The risks associated with taking anabolic steroids are extensive and very well documented, with reported health problems ranging from infertility and erectile dysfunction to addiction and baldness. But despite these risks, steroid use is on the rise, especially in the bodybuilding scene, where they’re often known as ‘juice’, ‘gear’, ‘arnolds’, ‘gym candy’, ‘roids’, ‘hype’, or ‘stackers’. Now, a new study has found a strong link between a history of anabolic steroid use and psychopathic tendencies, such as risk-taking and aggression.
Do steroids turn bodybuilders into psychos or is it the other way around?
Steroids have been a part of the fitness world for decades, with some research estimating as many as 4 million Americans have used some sort of “anabolic-androgenic steroid,” but the rise of social media and fitness influencers may have exacerbated drug use in the gym as more and more men feel insecure about their bodies.
Anabolic steroids are artificial testosterone, the primary sex hormone in males, which plays a key role in the development of male reproductive tissues such as the testes and prostate, as well as promoting muscle and bone mass. Women also have testosterone in their bodies, but in much smaller amounts, just like men have estrogen in smaller amounts than women.
Steroids are sometimes used to treat hormonal problems, delayed puberty, and muscle loss owing to some crippling diseases. But the vast majority of people who use anabolic steroids employ them for non-medical reasons, mostly in the gym to dramatically improve their gains. The kind of anabolic steroids taken by bodybuilders, which are illegal without a valid prescription in many countries, including the US and the UK, can be 10 to 100 times more potent than medical-grade steroids.
Bodybuilders take these drugs to train harder and longer. The steroids also help them recover much faster from strenuous exercise, so they can hit the gym hard again the next day. The effect of synthetic testosterone in high doses is so strong that people can gain significant muscle mass even without training.
However, the downsides are just not worth it. Anabolic steroids are mostly used by men, which risk high blood pressure, heart problems and liver disease, including heart attack and cancer, kidney damage, low sperm count and infertility, shrinking of testicles, breast growth, and baldness. Prolonged use often leads to addiction, which is very hard to scrub off. Anabolic steroid withdrawal causes fatigue, loss of appetite, trouble sleeping, decreased sex drive, depression, and constant craving for steroids.
Now, a new study suggests that steroid use may also exacerbate psychopathic tendencies, which could partially explain the heightened aggression typically associated with ‘roid heads’.
Researchers at New York University surveyed 492 male bodybuilders from the U.S. with an average age of 22. The participants were asked to report any past use of anabolic steroids, or Appearance and Performance Enhancing Drugs (APEDs), as well as their training routine and dietary habits. Additionally, the men had to fill out a questionnaire in which they self-reported their history of psychological states, such as their frequency of depressive episodes, mood swings, and aggressive behavior, as well as whether they had engaged in risk-taking behaviors, such as unprotected sex, drinking alcohol, and using other drugs without a prescription.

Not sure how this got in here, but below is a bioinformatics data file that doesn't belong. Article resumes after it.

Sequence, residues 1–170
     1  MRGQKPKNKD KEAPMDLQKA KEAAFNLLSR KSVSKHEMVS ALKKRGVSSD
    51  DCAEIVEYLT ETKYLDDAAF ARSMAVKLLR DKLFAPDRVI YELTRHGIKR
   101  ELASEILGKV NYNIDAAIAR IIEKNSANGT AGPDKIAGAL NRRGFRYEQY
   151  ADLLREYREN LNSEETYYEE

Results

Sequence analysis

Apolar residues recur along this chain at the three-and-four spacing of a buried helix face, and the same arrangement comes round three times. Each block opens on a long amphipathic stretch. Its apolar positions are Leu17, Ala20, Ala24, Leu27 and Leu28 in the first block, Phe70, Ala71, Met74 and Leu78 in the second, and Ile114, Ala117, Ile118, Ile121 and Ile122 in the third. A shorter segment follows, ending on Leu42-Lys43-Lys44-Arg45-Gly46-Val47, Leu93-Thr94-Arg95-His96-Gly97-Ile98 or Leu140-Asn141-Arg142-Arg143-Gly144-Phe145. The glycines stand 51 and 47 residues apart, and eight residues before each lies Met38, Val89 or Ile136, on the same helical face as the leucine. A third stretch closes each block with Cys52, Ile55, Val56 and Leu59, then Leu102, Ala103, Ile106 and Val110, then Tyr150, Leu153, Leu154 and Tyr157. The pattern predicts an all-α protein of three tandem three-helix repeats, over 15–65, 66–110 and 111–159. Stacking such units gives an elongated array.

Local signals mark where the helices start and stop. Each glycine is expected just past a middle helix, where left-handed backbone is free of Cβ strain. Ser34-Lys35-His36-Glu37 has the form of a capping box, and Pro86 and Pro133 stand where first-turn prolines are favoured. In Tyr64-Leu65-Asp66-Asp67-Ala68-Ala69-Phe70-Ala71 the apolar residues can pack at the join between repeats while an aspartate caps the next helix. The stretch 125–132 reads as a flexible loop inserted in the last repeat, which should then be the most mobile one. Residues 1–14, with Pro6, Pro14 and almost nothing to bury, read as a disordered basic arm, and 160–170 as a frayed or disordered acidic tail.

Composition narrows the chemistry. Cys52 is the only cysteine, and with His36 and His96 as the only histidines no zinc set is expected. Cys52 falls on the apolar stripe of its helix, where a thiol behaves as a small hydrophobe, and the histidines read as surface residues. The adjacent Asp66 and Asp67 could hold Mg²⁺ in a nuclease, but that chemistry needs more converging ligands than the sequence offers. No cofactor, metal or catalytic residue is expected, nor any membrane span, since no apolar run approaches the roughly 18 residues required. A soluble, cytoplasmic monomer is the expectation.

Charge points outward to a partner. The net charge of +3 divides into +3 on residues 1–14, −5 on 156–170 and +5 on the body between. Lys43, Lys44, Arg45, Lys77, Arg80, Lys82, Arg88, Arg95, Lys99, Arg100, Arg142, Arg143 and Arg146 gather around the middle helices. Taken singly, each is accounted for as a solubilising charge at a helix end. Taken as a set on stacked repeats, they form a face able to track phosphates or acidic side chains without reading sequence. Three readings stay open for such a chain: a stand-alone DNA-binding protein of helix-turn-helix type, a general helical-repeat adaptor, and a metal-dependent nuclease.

Bodybuilders with a history of steroid use were more likely to score high on psychopathy, exhibit substance use or sexual risk-taking, have anger issues and depressive symptoms, behave in an impulsive manner, and exhibit general emotional stability issues when compared to the bodybuilders who had never used APEDs. Every additional type of APED used raised the likelihood of psychopathy traits by 19%.
These findings, the researchers argue, provide strong evidence that steroid use increases the risk of developing psychopathy. But since this is a cross-sectional study, it could be very well that people who already have psychopathic traits in the first place may be more likely to be drawn to anabolic steroids.
Cheating is a common psychopathic trait, for instance, and anabolic use is frowned upon as an unethical shortcut by ‘clean’ bodybuilders. Psychopathy is also connected with enhanced risk-taking, which makes such individuals prone to use and abuse all manner of substances, anabolic steroids included. What’s more, the participants involved in the study who said they’ve never used steroids but considered trying them scored higher on psychopathy traits than those with no history of drug use and no intention of ever trying such performance-enhancing substances.
“This study is among the first to directly assess psychopathy within anabolic–androgenic steroid (AAS) users. Our results on risk-taking, anger problems, and physical problems are consistent with prior AAS research as well as with existing frameworks of AAS use as a risk behavior. Future research should focus on ascertaining causality, specifically whether psychopathy is a risk associated with or a result of AAS use,” the authors wrote in their study.
The researchers say that psychopathic tendencies could thus explain the connection between steroids and anger issues, although longitudinal studies might be able to shed more light and untangle the complicated web of causality.